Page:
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I guess I can't speak to the Formosa 41 exactly, but I had an Island Trader 41. Both William Garden ketches off the same plans. THe builders in the Far East all used the same plans to make many brands. Don't know what year you are looking at, but I'd say the closer to the mid 70's the better. These were strong built boats that can take a lot of serious beating. THe hulls are extremely thick in the best places. In the thinnest point in my hull, to install a transducer I found 3/4" thick solid fiberglass. No core. My ketch sailed very well in big swells and was a comfortable ride for me and the ship's cat. THe living space was big (I am 6'3", 230) and had a nice shower. It was fun to sail. at about 16+ tons, you won't be winning any races, but racing sailboats is silly anyway. At a rough anchorage, she was always comfortable when the others were moving in the middle of the night to find a smoother ride. She carried a lot of fuel, water, and provisions.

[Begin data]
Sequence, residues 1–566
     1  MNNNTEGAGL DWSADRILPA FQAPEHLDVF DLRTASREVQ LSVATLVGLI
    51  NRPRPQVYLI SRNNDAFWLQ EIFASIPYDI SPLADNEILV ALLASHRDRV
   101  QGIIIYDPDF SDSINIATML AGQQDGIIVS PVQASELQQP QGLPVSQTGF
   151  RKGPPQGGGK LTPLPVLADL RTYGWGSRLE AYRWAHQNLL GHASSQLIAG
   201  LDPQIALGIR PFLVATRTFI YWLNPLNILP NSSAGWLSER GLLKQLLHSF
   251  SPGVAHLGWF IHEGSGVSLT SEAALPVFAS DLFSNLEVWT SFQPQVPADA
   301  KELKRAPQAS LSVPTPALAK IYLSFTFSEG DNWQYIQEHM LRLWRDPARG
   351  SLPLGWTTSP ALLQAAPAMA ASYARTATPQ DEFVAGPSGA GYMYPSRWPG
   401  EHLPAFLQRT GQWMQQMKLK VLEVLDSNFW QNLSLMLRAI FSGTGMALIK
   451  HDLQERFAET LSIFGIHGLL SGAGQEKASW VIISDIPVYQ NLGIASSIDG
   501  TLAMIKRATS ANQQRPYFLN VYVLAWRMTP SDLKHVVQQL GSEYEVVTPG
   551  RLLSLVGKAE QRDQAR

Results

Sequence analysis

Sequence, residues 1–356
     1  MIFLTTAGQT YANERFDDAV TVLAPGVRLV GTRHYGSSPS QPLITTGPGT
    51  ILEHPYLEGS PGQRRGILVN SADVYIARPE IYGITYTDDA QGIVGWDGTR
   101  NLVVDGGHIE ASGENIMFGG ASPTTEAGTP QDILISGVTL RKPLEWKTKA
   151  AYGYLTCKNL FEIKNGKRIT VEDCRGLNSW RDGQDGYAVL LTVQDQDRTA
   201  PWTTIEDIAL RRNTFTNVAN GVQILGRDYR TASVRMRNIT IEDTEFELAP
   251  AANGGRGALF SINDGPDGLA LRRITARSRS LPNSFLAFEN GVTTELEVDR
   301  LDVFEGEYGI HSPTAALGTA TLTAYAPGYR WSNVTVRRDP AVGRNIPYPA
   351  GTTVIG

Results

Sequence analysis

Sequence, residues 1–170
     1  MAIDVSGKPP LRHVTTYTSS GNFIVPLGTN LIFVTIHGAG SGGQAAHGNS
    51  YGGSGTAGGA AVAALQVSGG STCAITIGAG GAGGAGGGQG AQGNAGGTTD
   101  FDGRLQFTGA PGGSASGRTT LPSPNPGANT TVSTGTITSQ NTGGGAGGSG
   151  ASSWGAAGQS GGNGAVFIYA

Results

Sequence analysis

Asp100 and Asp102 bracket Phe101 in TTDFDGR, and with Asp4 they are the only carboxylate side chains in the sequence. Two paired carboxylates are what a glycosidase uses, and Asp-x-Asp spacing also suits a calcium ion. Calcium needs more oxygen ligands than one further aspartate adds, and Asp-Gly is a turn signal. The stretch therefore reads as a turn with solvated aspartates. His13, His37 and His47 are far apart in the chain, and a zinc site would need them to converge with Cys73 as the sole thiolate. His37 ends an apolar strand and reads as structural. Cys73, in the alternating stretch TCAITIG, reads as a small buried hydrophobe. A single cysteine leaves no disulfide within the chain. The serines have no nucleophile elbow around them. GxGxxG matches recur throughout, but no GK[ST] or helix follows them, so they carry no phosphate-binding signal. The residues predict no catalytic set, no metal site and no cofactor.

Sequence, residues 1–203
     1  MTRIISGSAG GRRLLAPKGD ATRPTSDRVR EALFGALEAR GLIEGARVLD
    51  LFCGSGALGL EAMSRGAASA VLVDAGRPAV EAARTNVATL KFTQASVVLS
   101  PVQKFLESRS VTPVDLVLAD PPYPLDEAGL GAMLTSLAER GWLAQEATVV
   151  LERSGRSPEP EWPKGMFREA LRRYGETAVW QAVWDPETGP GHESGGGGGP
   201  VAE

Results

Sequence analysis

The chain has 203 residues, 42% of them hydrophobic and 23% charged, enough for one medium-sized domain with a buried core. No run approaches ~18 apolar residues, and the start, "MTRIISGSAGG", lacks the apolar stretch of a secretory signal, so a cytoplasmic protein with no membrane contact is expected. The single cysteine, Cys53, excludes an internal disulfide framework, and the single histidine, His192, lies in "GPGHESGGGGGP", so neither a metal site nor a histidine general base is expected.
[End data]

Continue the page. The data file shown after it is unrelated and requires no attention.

So, if you can do without all that "High Tech" BS that finds it's way onto a boat these days. And you like a traditional looking and acting sailboat, I'd say she be fine for long distance cruising without having to be a footballer or TV Chef to afford one.